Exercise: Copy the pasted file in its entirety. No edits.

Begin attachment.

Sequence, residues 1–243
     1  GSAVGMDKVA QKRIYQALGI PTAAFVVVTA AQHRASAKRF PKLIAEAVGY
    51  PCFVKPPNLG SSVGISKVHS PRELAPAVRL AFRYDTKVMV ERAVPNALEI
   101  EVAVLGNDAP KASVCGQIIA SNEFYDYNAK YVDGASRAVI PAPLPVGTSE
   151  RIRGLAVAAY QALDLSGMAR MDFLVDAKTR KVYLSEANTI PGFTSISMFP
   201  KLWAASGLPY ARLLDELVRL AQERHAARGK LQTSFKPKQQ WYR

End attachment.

Sequence, residues 1–243
     1  GSAVGMDKVA QKRIYQALGI PTAAFVVVTA AQHRASAKRF PKLIAEAVGY
    51  PCFVKPPNLG SSVGISKVHS PRELAPAVRL AFRYDTKVMV ERAVPNALEI
   101  EVAVLGNDAP KASVCGQIIA SNEFYDYNAK YVDGASRAVI PAPLPVGTSE
   151  RIRGLAVAAY QALDLSGMAR MDFLVDAKTR KVYLSEANTI PGFTSISMFP
   201  KLWAASGLPY ARLLDELVRL AQERHAARGK LQTSFKPKQQ WYR